steersman


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steersman

the helmsman of a vessel
References in classic literature ?
The steersman is placed in a glazed box, that is raised about the hull of the Nautilus, and furnished with lenses.
The steersman dug his paddle into the stream, and held hard with stiffened arms, his body thrown forward.
The steersman, pointing with his paddle, said, "Arsat is there.
There was no better paddler, no better steersman than my brother.
He was too sick to be vitally interested, and, besides, he had a half feeling that it was all a dream; but he noted that the men were resting on their sweeps, while the woman and the steersman were intently watching the run of seas behind them.
It showed me, too, the face of the captain as he stood by the steersman, now on one foot, now on the other, and sometimes blowing in his hands, but still listening and looking and as steady as steel.
When morning watch came on deck could find no one except steersman.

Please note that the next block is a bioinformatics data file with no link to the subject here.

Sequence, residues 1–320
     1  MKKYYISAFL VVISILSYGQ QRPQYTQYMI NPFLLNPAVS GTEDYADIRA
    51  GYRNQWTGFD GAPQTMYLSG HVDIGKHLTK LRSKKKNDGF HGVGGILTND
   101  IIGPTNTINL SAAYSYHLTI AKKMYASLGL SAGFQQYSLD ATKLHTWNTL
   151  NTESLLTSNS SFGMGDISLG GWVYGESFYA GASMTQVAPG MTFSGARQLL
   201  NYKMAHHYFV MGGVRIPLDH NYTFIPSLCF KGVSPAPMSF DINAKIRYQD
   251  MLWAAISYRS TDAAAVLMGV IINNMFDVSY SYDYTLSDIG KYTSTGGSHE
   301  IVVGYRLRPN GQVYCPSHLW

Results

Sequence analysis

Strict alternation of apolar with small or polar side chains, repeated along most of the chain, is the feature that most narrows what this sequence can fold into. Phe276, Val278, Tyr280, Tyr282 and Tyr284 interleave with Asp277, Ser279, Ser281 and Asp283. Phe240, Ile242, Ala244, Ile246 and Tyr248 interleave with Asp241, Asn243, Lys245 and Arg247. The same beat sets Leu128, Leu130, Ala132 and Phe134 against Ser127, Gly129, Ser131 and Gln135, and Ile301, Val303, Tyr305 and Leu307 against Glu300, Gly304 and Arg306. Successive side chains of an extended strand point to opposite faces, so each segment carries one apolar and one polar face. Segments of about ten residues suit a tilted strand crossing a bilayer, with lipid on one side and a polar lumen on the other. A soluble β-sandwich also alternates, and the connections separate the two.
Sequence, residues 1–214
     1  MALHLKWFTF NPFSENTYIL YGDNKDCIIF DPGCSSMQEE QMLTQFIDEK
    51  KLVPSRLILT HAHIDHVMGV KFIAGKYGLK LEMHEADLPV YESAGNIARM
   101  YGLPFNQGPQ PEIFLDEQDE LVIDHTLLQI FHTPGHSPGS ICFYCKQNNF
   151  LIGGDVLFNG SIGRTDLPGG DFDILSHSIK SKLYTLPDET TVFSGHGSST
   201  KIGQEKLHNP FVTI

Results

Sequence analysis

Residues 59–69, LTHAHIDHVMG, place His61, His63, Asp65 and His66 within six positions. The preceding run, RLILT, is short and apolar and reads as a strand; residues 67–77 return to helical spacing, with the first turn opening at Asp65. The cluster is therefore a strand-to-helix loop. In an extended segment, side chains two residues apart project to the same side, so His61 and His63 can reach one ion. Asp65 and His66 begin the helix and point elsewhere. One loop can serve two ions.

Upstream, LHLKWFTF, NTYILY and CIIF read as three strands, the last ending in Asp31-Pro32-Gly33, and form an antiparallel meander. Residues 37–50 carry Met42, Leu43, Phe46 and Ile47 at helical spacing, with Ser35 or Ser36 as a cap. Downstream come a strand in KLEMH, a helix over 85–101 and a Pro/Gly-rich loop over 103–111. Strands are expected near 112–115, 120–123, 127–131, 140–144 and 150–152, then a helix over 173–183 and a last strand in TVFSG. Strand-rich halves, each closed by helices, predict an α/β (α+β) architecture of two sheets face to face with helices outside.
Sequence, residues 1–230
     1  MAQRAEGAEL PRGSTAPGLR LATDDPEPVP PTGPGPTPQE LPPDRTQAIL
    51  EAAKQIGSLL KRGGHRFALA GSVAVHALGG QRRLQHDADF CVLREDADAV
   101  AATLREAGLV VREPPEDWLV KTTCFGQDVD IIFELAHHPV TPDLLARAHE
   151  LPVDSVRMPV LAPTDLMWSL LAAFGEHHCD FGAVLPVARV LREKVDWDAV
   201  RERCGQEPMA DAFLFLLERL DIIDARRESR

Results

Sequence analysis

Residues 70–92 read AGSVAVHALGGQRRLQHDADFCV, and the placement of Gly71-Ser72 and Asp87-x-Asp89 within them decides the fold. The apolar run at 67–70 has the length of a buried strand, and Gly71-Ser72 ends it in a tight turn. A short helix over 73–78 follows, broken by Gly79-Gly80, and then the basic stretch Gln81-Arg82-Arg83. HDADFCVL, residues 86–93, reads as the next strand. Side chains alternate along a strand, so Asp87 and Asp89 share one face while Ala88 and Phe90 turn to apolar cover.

Retired worn out, slept soundly, awakened by mate telling me that both man of watch and steersman missing.
Under pretence of being fatigued, Dantes asked to take the helm; the steersman, glad to be relieved, looked at the captain, and the latter by a sign indicated that he might abandon it to his new comrade.
In the same moment, I saw the steersman of the galley lay his hand on his prisoner's shoulder, and saw that both boats were swinging round with the force of the tide, and saw that all hands on board the steamer were running forward quite frantically.
No man spoke, but the steersman held up his hand, and all softly backed water, and kept the boat straight and true before it.
Escollante joined the 10-man mixed crew in both bronze performances as steersman while Go was drummer.